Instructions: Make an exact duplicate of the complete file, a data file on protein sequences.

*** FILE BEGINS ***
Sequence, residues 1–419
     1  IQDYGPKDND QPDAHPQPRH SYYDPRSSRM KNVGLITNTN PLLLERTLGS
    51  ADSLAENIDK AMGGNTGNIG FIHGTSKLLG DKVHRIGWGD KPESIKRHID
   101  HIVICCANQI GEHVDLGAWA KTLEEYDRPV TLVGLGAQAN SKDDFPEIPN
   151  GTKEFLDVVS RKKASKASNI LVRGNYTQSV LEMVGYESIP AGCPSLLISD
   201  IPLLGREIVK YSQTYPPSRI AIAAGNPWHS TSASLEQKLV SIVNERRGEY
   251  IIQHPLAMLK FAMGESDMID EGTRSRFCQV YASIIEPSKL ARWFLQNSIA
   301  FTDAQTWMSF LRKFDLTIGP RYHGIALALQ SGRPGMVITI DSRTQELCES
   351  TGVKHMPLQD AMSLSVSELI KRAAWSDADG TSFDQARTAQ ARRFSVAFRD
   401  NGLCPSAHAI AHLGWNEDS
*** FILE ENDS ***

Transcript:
Sequence, residues 1–419
     1  IQDYGPKDND QPDAHPQPRH SYYDPRSSRM KNVGLITNTN PLLLERTLGS
    51  ADSLAENIDK AMGGNTGNIG FIHGTSKLLG DKVHRIGWGD KPESIKRHID
   101  HIVICCANQI GEHVDLGAWA KTLEEYDRPV TLVGLGAQAN SKDDFPEIPN
   151  GTKEFLDVVS RKKASKASNI LVRGNYTQSV LEMVGYESIP AGCPSLLISD
   201  IPLLGREIVK YSQTYPPSRI AIAAGNPWHS TSASLEQKLV SIVNERRGEY
   251  IIQHPLAMLK FAMGESDMID EGTRSRFCQV YASIIEPSKL ARWFLQNSIA
   301  FTDAQTWMSF LRKFDLTIGP RYHGIALALQ SGRPGMVITI DSRTQELCES
   351  TGVKHMPLQD AMSLSVSELI KRAAWSDADG TSFDQARTAQ ARRFSVAFRD
   401  NGLCPSAHAI AHLGWNEDS